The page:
BINGO Event Engages EL Families

BINGO Event Engages EL Families

BINGO Event Engages EL Families

The language of BINGO was spoken recently at an afterschool event held at Calumet New Tech High School! The gathering was for English Learners (EL), formally known as English Language Learners (ELL), and was meant to support our district's Spanish-speaking residents.

According to statistics from the Indiana Department of Education, some “132,000 Indiana students speak (a language) other than English at home and there are over 290 different languages in Indiana schools. Of these, 73,000 students have been identified as English learners due to limited proficiency in speaking, listening, reading and writing academic English.”


Linda Hobock is the EL District Family Coordinator for Lake Ridge New Tech Schools. It is her responsibility to act as a conduit between the federal government, state government, and the school district to reach out to the families of EL students and make sure they know about the services and benefits available to them and their students. 

“I work for the district and all of the schools,” Hobock says. “I take care of all of the legal pape work for the IDOE and the English Language Learners. As a part of that, I do community engagement to make sure we are reaching out to them.” 

While the language barrier of EL speakers differs from region to region across the United States, at Lake Ridge, Spanish is the most common. Hobock, whose maiden name is Rubalcava, is of Mexican ancestry and says she knows firsthand the challenges people who are not fluent in English face when they try to assimilate into a community. 

“My dad actually came to this country from Nuevo Laredo, Tamaulipas, in Mexico when he was seven years old. He did not know the language and there was no such thing as EL back then. They held him back for years,” she says. 

Hobock says her father eventually got a job in one of the area steel mills. He also served in Vietnam and went to college. 

“My dad did not graduate until he was 21 years old. They held him back for years because they thought he was not intelligent because he couldn’t communicate,” Hobock says. “Actually, he is a very intelligent man. He’s now 80 years old and still is schooling himself. That experience left a mark on him.”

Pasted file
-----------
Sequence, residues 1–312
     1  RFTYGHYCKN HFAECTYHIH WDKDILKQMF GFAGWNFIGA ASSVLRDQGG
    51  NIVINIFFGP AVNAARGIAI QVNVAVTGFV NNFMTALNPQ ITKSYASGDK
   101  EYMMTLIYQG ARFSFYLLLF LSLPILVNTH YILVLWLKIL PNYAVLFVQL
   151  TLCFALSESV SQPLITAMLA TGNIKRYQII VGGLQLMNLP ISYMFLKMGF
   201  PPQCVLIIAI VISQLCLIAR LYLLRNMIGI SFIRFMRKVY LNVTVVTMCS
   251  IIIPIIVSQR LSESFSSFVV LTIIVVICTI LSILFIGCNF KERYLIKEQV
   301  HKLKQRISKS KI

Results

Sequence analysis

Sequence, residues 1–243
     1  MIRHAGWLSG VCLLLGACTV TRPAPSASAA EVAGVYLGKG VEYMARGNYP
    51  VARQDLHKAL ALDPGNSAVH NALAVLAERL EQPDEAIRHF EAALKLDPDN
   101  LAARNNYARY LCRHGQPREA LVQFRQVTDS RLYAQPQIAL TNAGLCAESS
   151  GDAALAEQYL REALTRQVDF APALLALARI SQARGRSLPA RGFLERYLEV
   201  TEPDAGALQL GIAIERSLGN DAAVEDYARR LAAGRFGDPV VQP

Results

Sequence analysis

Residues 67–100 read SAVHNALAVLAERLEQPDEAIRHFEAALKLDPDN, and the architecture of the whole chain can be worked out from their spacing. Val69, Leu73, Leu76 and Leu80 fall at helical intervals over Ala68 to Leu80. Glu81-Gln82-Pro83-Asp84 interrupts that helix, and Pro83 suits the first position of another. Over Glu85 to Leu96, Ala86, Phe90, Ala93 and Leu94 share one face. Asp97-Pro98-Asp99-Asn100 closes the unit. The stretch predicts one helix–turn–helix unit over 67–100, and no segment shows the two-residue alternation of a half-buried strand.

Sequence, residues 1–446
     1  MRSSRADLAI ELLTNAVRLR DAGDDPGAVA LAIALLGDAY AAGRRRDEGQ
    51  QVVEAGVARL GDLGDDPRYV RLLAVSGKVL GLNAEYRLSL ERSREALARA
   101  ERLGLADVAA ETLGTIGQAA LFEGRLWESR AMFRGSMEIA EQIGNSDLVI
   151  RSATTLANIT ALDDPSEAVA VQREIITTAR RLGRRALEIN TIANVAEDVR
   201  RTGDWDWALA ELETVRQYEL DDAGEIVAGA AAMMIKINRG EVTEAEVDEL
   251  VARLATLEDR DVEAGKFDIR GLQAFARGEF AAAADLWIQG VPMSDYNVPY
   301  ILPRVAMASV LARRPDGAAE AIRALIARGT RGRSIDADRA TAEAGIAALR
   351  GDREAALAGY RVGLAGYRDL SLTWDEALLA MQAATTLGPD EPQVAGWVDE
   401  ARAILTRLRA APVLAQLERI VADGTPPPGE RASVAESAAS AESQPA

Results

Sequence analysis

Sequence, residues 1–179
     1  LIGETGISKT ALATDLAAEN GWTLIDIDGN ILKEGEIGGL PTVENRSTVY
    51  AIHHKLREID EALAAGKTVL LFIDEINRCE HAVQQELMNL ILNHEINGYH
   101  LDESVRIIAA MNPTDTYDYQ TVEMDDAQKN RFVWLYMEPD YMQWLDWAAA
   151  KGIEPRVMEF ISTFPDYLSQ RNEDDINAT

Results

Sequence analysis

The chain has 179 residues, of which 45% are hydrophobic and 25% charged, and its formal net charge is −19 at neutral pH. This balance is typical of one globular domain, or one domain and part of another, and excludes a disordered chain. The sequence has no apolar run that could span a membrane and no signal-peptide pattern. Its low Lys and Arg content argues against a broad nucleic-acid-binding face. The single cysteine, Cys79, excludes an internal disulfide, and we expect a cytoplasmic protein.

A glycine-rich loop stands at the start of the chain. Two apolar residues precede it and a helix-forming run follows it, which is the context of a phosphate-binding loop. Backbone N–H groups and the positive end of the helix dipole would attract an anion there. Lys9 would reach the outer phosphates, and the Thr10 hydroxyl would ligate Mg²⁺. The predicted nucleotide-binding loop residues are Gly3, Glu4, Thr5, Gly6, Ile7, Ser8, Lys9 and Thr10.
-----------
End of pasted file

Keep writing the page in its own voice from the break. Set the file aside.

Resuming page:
For Hobock, who is a 1991 Calumet High School graduate, the goal is for none of her students to have to suffer the debilitating trauma of being labeled the way her father was. 

According to Hobock, the idea of a BINGO Night came to her after meeting with parents in the Spanish-speaking community. 

“I’ve been working for the Lake Ridge Schools for a long time,” she says. “I was an EL assistant through English Language Learners at Longfellow, so I have worked with a lot of these students from kindergarten up. Through that, I formed a bond with the families and I asked them, what do (you) want do? And, they said, ‘let’s have BINGO.” 

The BINGO event was competitive and fun for the 40 or so families who participated. Local businesses and stores donated gas cards, gift cards, and board games that focused on speaking and spelling in English. 

“Gas costs a lot now, so they were glad to win the gas cards,” she said with a smile.

Longfellow English Language Learner Teacher of Record Victoria Pliego

The event was also an opportunity to introduce Victoria Pliego to the Lake Ridge EL community. Pliego is the English Language Teacher of Record at Longfellow Elementary School. 

The Indiana Department of Education created the post to provide services to EL speakers. 

“The position is similar to how you have a Special Ed teacher of Record to provide services and assure that accommodations are being met. It’s basically the same thing—it’s just being transferred over to English Language Learners,” Pliego says. “Being the teacher of record, I have access to WIDA, which stands for World class Instructional Design Assessment. We use it to get data and assess our English Language Learners. All students, when they come into the district, have a home language survey. We check their speaking, reading, and listening and, depending on the results, they get screened for what they need the most. Most of the time, it’s speaking. The goal of the program is to work with students to the point that they no longer need our services.”

Pliego traces her roots to Madrid, Spain, and is a graduate of Purdue University. There, she majored in Elementary Education and Special Education. She grew up in nearby Lansing, Illinois, and views the region as a global melting pot for people who speak different languages. 

“We are definitely an extension of Chicago and Cook County. I love that. In our area of the state, it is more diverse and there is more need. It’s just our area, our culture,” she says.

The Lake Ridge English Learner Department can be reached at 219-838-1819 ext. 143. Linda Hobock’s email address is